Manu Worldstar bares his Pan African stripes in new album ‘Molimo’

Emmanuel Mutendji or Manu Worldstar has had an incredible two year run. He captured the hearts and ears of the world with his smash radio hit single “Na Lingi”, which earned him his first platinum plaque and a shoutout from both P. Diddy and Grown-ish star Yara Shahidi. Manu’s debut album, Molimo is a continuation of the sound the musician has established but it also shows the range of his artistry. The album title; directly translated from the Lingala language means, “my spirit” and is an exploration into the cultural intersections he occupies. The singer/rapper has a Congolese cultural background with a South African upbringing. Growing up in Berea, Johannesburg, the young musician was exposed to an array of different cultures. His pan Africanist ideology is carried through in his music as he dives into themes surrounding newfound success, love, and spirituality. The opening record, “Celebrate’’ sets the tone for the album as he sings about being grateful for his accomplishments. “This album is an opportunity for people to get to know me on a spiritual level. It’s about my life, it is about what I value and what I love,” stated Manu. “I wanted to start the album on a thankful note and that’s why I open with ‘Celebrate’. It’s a celebratory song. I’m thanking God for how far I’ve come”. 

Sonically, the album mixes Eastern, Western and Central African rhythms and sees Manu incorporating his native tongue of Lingala with Southern African languages like Zulu and Tswana in writing the lyrics. A standout record like “Mmangwane” interpolates the classic Tswana traditional song with afro-pop guitar riffs and hard drums. In songs like “Choko”, “Molimo”, and “Na Lingi Remix”— the 25 year-old flies the Congolese flag high whereas in tracks like “Pressure” and “Wonderlust”, he lyrically displays his R&B sensibilities.

I wanted people to see a different side of me.  A side of me that people haven’t really seen [before]. I was in my own bubble for three years and I didn’t want to do that anymore. I wanted to show the power of collaboration. I was quite happy with the collaborative energy that came out of the process and these guys really helped me find my pocket and deliver a unique message.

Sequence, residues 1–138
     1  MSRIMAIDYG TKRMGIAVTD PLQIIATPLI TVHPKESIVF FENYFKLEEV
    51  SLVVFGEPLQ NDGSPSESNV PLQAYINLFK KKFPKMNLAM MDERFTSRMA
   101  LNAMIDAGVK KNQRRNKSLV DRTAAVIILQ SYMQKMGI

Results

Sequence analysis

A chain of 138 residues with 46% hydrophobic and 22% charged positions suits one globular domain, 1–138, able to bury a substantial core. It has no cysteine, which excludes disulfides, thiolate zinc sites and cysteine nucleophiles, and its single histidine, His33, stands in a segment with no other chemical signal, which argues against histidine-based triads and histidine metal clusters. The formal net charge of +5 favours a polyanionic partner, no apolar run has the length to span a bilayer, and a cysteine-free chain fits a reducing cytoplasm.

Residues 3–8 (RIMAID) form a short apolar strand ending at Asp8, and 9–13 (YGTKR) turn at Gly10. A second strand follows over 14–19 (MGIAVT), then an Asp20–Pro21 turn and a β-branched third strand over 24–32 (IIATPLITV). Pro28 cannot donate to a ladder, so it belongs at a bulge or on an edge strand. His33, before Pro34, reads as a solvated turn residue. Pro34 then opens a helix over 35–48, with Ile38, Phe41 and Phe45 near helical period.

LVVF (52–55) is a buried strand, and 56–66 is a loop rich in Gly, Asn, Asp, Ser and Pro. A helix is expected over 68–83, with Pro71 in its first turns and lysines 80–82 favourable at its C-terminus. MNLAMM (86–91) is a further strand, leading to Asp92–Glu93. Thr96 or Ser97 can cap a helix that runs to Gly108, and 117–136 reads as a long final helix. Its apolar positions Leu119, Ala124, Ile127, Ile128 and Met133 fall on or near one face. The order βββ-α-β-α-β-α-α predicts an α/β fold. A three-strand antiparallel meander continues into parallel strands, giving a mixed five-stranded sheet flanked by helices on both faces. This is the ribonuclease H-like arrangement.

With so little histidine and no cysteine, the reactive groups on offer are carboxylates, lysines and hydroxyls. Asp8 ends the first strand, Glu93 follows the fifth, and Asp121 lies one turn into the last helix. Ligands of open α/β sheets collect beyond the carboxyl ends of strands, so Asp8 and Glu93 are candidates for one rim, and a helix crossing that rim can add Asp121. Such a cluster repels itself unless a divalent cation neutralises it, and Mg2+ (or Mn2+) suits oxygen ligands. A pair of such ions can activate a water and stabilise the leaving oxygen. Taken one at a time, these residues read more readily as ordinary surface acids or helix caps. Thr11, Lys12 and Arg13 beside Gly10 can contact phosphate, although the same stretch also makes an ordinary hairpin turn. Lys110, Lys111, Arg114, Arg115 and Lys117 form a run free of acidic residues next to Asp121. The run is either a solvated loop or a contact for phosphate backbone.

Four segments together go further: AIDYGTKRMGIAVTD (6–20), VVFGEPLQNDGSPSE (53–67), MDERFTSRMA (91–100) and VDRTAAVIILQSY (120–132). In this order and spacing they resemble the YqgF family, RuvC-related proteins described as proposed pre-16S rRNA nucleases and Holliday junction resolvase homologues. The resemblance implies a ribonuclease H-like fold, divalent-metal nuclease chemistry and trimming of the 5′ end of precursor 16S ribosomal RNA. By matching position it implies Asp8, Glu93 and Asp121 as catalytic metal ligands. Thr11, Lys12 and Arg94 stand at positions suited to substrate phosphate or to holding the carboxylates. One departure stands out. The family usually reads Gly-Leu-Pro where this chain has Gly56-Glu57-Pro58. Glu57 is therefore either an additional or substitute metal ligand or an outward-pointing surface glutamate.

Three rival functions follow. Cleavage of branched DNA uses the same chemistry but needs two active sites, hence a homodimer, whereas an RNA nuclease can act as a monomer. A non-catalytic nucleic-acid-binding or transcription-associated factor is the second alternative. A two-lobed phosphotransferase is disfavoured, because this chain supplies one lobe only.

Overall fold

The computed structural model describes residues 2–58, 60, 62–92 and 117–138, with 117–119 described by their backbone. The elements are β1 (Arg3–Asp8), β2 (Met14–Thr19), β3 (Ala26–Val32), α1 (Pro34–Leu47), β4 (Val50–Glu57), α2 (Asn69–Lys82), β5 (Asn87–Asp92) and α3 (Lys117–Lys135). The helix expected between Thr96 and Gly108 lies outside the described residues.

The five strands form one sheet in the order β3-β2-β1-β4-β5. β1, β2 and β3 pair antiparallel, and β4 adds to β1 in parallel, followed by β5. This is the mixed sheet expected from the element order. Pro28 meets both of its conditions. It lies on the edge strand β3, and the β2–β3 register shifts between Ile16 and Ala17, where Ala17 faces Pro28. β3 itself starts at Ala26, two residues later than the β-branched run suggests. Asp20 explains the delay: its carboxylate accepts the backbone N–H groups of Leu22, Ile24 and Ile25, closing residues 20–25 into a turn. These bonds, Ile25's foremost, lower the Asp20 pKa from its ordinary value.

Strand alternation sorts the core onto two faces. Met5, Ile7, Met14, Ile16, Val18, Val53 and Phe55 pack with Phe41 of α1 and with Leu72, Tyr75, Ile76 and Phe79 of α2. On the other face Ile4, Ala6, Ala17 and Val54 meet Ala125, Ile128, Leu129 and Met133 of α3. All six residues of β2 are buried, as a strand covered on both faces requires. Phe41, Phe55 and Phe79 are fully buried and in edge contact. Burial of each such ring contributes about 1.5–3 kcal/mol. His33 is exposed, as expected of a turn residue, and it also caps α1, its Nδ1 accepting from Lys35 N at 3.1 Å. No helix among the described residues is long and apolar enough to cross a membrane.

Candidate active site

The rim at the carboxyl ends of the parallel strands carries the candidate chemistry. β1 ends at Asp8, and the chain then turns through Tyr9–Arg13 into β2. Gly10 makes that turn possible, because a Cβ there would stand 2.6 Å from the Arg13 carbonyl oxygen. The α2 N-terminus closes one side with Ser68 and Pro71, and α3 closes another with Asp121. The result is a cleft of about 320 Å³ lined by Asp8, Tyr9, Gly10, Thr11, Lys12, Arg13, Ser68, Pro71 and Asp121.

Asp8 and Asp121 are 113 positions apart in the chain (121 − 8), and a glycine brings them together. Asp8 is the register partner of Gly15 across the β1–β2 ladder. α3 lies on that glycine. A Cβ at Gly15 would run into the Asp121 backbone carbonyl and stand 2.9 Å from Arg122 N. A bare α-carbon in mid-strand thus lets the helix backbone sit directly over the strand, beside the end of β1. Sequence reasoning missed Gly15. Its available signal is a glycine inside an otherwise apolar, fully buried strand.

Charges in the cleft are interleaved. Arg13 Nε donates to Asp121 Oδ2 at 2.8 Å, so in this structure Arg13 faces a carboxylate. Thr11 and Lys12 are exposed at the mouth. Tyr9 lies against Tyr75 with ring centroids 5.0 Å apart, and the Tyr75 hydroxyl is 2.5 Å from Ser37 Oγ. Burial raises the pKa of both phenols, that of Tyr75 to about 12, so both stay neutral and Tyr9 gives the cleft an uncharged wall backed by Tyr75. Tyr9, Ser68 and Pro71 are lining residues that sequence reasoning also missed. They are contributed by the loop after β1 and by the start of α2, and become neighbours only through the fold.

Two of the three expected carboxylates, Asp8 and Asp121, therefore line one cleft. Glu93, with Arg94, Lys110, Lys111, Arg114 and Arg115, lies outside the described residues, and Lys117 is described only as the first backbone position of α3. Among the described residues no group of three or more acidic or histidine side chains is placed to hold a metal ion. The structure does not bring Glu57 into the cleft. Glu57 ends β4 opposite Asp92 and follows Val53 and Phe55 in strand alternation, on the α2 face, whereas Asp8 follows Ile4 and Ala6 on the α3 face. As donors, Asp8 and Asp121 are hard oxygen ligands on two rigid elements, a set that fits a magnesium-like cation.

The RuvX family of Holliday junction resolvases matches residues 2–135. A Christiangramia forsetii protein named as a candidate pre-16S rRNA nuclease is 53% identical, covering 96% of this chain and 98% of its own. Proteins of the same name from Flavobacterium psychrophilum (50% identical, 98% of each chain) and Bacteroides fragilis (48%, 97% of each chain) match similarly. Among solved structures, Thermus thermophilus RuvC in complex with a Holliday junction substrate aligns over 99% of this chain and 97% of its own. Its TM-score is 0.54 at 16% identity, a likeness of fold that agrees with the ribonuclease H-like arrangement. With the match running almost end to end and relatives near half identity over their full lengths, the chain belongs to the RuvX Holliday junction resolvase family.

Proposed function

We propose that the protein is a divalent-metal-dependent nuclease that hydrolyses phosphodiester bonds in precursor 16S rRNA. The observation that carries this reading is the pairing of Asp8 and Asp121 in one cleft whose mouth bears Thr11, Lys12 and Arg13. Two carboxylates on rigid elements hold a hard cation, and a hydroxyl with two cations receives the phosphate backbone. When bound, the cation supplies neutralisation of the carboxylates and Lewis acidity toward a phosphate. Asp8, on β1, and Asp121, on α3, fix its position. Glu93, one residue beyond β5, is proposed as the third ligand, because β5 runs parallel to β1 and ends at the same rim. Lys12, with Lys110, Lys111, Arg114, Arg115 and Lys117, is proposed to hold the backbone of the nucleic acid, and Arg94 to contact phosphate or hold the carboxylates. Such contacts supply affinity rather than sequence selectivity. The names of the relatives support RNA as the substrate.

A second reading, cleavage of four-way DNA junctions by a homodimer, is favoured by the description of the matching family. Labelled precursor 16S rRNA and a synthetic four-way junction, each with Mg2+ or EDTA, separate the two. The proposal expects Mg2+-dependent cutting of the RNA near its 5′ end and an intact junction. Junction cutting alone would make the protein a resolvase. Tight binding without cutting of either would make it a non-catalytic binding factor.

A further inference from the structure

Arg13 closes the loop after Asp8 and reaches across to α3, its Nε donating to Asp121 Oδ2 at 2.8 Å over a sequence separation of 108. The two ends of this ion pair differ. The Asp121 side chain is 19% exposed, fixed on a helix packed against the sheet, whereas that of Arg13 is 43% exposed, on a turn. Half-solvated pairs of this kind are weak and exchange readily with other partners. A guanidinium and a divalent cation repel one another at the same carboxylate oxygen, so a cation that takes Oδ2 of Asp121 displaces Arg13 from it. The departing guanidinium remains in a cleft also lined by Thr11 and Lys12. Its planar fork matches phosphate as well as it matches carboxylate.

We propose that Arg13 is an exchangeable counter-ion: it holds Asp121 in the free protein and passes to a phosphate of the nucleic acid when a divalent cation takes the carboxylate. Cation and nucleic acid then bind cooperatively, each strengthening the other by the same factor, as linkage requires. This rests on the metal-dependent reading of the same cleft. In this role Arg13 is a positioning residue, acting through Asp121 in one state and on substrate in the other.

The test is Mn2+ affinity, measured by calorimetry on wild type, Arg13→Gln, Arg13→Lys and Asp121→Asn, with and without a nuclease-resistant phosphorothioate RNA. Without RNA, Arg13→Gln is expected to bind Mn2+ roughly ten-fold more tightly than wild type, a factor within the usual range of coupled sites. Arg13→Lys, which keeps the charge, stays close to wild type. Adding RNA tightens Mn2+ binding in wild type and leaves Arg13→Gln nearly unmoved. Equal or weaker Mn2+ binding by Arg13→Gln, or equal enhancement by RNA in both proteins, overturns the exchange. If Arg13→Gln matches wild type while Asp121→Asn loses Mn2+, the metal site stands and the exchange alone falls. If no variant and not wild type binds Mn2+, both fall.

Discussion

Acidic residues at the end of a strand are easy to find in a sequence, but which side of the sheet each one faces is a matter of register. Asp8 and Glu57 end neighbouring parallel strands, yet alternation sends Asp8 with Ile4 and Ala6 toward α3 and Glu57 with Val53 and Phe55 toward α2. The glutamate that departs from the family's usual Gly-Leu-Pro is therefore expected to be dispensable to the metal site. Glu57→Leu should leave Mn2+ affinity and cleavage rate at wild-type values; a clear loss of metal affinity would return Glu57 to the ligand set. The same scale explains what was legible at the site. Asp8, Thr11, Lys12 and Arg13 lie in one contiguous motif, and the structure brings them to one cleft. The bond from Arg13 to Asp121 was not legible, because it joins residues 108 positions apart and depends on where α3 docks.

Unlike his first offering the EP Young African Story, this album has a slew of features from local talents like Rouge, Mariechan, Rowlene, Focalistic, ANATII, Gemini Major, and S’java as well as some international flavour coming from Roberto Zambia and $pacely from Ghana. The production is also diverse as Manu worked with longtime collaborators Eternal Africa and Ganja Beats while recruiting new producers like Wilson Okafor (from Nigeria), Sonyezo (from Malawi) and South African producers like Master A Flat, PRXFND, and Sihle.

I really like collaborating with different people and each producer evokes a certain emotion out of me. I wanted to have a sound that people aren’t familiar with and that’s why I worked with different producers. I really needed a fresh take [to my music] and they brought a different energy.

The input of different styles can create a “too-many-chefs-in-the-kitchen” scenario where the cohesion of the project is compromised but that is not the case with Molimo. Manu credits his laidback energy as well as the chemistry between his collaborators as the glue that binds the project together. “My process is very natural and very easy- going so it was super organic [to make the records].  I know each and every artist on a personal level so we could sit down and exchange ideas before making the records and I think that’s why the songs work,” explains Manu. Track 9 of the record, “Pray for You”, featuring Aubrey Qwana captures the essence of the album as it tackles the issue of xenophobia in South Africa. The record is one of the ways that Manu reconciles the fact that he is an artist of Congolese descent that has a large South African following but lives in a country where African immigrants are treated with disregard and malice.

I’ve always had love for people around me. I grew up with many cultures and I grew up amongst South Africans. My experiences have been okay but I have heard stories from people that I know that have gone through things. But my approach is not to focus on what has happened, my focus is on collaborating and moving forward.

That’s why the song doesn’t come across as preachy or damning. But rather, it delivers a message of unity sealed with love. Manu adds;

I want to pray for this country and I want to pray for our people. I pray that we all move forward as one continent. We are stronger together and we have seen that. The record shows that we can collaborate and make beautiful things happen.

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